Brachial Plexus Palsy is a disease, which may effect three out of 1000 children. Zaccary Vollrath-McCoy is one of those children. Zaccary is the son of Jesse and Billie Vollrath-McCoy of Boonville and Mark Roth of Boonville.
Billie explained that Zaccary received his injury during delivery.
"He weighed 10 pounds, 2 ounces and was born naturally. Zaccary was so big that when they first had me start pushing, he pushed my cervix completely back out and they left him in the birth canal for almost three hours. Statistics show that if 5-60 of pressure are applied to a babies head for more than five minutes that they should have irreversible brain damage. When Zaccary was finally delivered he was gray and not breathing and had hand print bruises. Babies with this big of a birth weight should be taken by C-section," Billie said.
Brachial Plexus Palsy (BPP) is a devastating condition that infants and some newborns can develop. The Brachial Plexus is a group of nerves on the spine that controls the feeling, control and the movement of the hands, arms and wrists.
Billie said while this is not a well-discussed injury, interestingly it is more common than other birth injuries, even Cerebral Palsy and Downs Syndrome.
• The brachial plexus is a group of nerves that start in the neck and shoulder area and control the neck, hands, wrists and elbows.
• The brachial plexus is essential to a normally functioning body, and injuries to this system can be devastating. Because these nerves are very fragile, they can be damaged easily, especially during childbirth.
• Sometimes this type of birth injury can occur when the child is being removed from the mother, and the neck is forced away from the shoulder or when pressure causes the brachial plexus to be crushed between the collarbone.
According to the BPD Foundation there are three types of conditions. 'Stretch' is the least severe of BPP injuries and are caused by swelling in the region of the Brachial Plexus. It often spontaneously heals to restore 90-100 percent of the hand(s) or arm(s) use. Rupture is the next severe where nerves are completely severed from the plexus in the region of the shoulder bones and muscles. It requires surgery for any possibility of healing, even though there is no guarantee. Avulsion is the total tearing of the nerves from the spine and the Plexus is the most severe form of BPD and requires surgery and often muscle transfer for any hope of recovery. Billie said Zaccary suffers from Avulsion.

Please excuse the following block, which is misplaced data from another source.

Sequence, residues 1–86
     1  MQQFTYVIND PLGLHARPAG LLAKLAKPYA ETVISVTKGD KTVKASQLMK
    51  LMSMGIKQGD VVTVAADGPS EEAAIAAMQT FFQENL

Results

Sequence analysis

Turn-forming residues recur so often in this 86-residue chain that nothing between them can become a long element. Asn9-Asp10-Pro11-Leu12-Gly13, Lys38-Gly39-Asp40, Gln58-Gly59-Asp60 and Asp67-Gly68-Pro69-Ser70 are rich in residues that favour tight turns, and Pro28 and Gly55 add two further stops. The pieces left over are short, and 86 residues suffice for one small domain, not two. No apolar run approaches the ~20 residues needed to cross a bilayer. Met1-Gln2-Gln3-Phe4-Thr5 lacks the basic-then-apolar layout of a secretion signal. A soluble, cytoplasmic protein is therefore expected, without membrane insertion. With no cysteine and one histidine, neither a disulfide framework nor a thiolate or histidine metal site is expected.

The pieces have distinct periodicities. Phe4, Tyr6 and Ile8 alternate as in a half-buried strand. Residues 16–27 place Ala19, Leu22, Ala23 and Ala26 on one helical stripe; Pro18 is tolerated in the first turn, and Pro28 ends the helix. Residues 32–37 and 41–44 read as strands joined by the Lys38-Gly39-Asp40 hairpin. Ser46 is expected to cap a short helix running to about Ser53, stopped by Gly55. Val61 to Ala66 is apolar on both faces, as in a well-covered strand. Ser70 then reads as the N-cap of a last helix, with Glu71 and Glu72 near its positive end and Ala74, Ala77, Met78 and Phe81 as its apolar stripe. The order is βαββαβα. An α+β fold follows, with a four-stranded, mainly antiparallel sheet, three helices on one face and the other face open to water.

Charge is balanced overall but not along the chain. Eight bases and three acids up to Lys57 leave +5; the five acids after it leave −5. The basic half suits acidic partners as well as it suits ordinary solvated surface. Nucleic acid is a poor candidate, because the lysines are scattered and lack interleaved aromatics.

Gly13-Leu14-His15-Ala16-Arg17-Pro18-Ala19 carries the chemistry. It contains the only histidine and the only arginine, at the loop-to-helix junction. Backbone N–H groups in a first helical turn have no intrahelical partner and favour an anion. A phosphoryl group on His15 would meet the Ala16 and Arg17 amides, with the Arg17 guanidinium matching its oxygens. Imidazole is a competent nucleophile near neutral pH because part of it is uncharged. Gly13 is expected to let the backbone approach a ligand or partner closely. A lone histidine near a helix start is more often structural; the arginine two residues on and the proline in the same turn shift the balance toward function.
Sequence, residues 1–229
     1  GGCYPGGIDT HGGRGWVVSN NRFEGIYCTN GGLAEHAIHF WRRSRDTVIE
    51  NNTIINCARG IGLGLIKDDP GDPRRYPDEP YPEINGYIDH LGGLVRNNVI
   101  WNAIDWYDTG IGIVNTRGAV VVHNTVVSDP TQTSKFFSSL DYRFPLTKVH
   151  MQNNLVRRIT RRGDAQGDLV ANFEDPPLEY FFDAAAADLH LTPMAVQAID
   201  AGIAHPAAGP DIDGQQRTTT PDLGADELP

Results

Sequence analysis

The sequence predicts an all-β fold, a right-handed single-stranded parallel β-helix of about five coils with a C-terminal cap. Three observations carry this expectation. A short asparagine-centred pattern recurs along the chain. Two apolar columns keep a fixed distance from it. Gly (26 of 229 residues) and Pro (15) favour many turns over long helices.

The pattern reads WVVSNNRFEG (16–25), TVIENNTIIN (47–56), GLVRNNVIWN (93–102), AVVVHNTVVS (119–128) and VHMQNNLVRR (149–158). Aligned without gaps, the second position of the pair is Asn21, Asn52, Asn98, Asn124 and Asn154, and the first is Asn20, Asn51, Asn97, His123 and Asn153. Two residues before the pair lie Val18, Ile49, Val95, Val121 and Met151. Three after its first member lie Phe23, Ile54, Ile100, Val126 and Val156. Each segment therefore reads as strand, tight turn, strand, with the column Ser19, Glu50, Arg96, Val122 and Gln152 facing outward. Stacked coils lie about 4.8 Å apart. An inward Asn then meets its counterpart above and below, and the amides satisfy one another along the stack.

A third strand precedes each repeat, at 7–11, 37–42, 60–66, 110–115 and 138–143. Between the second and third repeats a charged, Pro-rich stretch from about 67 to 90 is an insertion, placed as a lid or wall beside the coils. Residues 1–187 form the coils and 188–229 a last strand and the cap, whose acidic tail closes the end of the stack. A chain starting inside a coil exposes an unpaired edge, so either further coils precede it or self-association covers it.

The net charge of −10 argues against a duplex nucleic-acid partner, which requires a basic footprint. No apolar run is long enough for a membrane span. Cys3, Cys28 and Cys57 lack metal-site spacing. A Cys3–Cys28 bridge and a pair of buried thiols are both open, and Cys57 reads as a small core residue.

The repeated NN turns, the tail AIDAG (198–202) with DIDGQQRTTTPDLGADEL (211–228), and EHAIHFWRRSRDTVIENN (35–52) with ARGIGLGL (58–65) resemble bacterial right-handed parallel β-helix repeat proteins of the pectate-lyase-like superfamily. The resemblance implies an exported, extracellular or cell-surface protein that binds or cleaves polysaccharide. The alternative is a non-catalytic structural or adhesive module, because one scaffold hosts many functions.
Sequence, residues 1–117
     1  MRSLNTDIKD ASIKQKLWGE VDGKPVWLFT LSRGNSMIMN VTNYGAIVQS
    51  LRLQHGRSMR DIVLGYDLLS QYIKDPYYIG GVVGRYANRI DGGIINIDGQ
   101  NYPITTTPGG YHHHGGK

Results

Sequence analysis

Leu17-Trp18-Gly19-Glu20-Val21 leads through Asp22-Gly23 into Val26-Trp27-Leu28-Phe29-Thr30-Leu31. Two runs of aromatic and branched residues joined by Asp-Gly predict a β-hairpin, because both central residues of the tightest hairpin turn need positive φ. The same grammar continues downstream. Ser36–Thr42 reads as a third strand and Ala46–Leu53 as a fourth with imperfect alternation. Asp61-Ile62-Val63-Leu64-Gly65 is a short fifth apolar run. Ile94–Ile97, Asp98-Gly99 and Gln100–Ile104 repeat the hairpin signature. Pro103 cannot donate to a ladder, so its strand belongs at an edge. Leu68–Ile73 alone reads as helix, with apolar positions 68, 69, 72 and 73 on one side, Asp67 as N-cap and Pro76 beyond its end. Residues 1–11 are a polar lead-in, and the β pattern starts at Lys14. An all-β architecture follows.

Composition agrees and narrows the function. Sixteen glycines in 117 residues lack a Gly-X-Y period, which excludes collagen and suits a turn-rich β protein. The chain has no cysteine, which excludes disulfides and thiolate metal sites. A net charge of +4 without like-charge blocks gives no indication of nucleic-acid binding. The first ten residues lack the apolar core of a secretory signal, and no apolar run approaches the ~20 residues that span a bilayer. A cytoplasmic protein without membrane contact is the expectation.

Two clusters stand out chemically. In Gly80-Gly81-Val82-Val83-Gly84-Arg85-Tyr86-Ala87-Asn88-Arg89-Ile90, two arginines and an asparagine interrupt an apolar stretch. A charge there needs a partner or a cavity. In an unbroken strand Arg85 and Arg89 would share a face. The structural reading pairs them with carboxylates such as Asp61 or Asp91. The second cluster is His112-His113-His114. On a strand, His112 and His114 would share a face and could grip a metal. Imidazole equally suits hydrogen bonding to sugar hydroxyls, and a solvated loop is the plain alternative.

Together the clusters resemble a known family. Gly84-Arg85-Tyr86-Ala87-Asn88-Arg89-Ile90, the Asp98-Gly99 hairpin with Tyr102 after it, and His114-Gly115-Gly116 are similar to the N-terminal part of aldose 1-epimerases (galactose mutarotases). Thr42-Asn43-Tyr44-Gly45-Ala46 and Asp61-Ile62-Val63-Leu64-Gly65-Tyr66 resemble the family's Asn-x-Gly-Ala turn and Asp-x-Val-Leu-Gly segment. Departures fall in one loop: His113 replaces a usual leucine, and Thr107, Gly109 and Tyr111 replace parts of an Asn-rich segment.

Billie said Zaccary has been doing as much therapy as he can
"Zaccary learns to compensate and doesn't use his disability as an excuse. He has to find other ways to perform tasks. Zaccary loves sports and does not let his arm hinder him in any way if he can keep from it," Billie said.
Billie said it is very hard to accept things that happen to one's child.
"At times I get really angry and upset because a BPP injury is 100 percent preventable and is caused usually by doctor's negligence but Zaccary has adapted very well. Anyone with a child that has a disease, illness or injury would understand, however, we are very thankful that it does only affect his arm," Billie said.
Zaccary has been undergoing treatments to address the BPD since he was eight months old.
"Zaccary had his first surgery at St. Louis Children's Hospital, which was performed by Dr. T.S. Parks. They did a nerve grafting surgery removing nerves from his leg up into his clavical/shoulder. His most recent surgery was the osteotomy, in which they cut the bone in his upper arm and reset it to see if he could regain and better range of motion. He is still in recovery for that, but he has pretty much been doing physical and occupational therapy his whole life. The next surgery will be performed on muscles and tendons to help Zaccary be able to make a fist and to have control of his wrist functions," Billie said.
Currently to focus a light on the disease Zaccary's family have decided to sell bracelets in colors that represent the disease.
"With the help of Psychobilly Tattoo we have decided to sell grey and blue survival bracelets for $10 each," Billie said.
Billie also said there is also a fundraiser bank account set up at Citizen Bank and Trust under Zaccary's name.
"We will sell the bracelets until the end of May. We are hoping to promote a little more awareness in this area and let people know how and what it is caused from. Half of the money raised from the sales of bracelets or donations will be donated to a program for BPP patients," she said.
Billie said there is a program led by BirthInjury.org, called the Midwest Brachial Plexus Summer Camp and is held in Lee's Summit, Missouri.
"The camp, now in its 11th year, gives families and children affected by brachial plexus injuries a place to get together to have fun and share information," Billie said.
She also said kids with brachial plexus can relate to and spend time with other children who share their affliction.
"Parents and families also can swap stories and share helpful information from others who understand what they are going through," Billie said.
She added support from peers is vital when dealing with a birth injury and a disabled child.